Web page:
The department has adequately characterized water chemistry on large and medium rivers using its fixed station network, run in cooperation with the U.S. Geological Survey. Smaller streams, which are both more numerous and often more susceptible to water quality problems due to a smaller volume of flow, are not as well defined. To help us better understand these smaller streams, department staff conduct chemical monitoring on numerous sites each year.

Some of these sites are in watersheds that are considered to be typical of regional land use and whose stream water quality is influenced only by these uses and not by a specific pollutant source. Data from these streams define “background” water quality within specific regions of the state.

Other sites are on streams impacted by existing, or threatened by future, pollution sources. Data from these sites have three types of uses:

  1. Comparison to established state water quality standards to determine if the stream meets these standards. If not, the can be classified as impaired and this data can then be used to develop Total Maximum Daily Loads.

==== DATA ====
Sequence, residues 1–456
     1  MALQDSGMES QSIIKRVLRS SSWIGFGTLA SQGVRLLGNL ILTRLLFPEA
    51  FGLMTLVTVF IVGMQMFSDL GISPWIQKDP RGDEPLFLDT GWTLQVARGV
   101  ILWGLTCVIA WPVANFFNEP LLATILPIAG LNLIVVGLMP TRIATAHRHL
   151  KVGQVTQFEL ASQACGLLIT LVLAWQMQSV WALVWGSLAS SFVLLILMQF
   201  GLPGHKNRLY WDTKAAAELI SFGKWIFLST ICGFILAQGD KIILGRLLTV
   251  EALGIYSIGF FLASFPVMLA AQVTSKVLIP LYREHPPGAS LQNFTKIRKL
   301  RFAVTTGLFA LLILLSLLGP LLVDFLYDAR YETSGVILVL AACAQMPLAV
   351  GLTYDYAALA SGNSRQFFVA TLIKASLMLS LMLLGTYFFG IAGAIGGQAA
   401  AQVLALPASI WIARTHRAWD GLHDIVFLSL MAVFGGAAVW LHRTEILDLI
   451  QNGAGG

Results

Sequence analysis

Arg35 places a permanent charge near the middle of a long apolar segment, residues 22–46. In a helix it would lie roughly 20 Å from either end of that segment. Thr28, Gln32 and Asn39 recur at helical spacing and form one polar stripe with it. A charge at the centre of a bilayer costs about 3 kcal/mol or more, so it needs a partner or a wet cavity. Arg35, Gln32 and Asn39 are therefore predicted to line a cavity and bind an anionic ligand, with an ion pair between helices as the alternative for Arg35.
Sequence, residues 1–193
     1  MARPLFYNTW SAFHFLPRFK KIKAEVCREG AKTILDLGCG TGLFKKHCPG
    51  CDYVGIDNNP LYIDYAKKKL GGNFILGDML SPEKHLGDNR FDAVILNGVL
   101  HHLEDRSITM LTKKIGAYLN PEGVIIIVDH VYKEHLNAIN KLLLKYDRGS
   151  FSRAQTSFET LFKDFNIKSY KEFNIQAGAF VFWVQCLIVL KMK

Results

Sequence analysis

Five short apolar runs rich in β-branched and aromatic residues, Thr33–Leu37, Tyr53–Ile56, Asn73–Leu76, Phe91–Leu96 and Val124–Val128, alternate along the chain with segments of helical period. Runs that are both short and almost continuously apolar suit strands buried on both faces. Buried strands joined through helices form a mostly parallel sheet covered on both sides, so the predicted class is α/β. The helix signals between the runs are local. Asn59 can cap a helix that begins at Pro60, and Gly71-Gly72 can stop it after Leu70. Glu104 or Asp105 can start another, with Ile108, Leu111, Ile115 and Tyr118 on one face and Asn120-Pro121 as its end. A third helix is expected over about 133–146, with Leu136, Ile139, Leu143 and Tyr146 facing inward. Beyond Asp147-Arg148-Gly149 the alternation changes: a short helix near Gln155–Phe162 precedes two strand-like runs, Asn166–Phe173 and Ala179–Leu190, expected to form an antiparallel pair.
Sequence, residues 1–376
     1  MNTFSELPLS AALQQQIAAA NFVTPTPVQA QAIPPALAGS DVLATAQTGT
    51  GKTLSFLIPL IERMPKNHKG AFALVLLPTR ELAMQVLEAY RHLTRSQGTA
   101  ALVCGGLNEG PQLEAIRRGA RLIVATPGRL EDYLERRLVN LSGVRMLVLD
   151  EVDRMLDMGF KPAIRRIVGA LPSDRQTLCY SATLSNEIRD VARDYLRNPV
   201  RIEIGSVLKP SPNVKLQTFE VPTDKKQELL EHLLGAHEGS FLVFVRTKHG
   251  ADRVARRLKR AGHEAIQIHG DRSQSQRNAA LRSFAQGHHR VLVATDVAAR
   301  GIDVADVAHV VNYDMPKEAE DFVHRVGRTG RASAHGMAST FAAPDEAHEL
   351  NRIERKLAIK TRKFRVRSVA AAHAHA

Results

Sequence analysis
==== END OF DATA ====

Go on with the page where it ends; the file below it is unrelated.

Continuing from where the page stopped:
2. Comparison to regional “background” water quality to determine if water quality in the stream deviates from regional norms.
  3. Determine if there are any obvious trends in water quality.

Staff conduct field measurements for flow, water temperature, conductivity, pH and dissolved oxygen. Samples are collected and returned to the department's Environmental Services Program laboratory for a variety of chemical parameters including acidity, alkalinity, bicarbonate alkalinity, ammonia, chloride, nitrate, total nitrogen, total Kjeldahl nitrogen, phosphorus, sulfate, hardness and metals (calcium, cadmium, iron, lead, magnesium, manganese, nickel, potassium, sodium and zinc).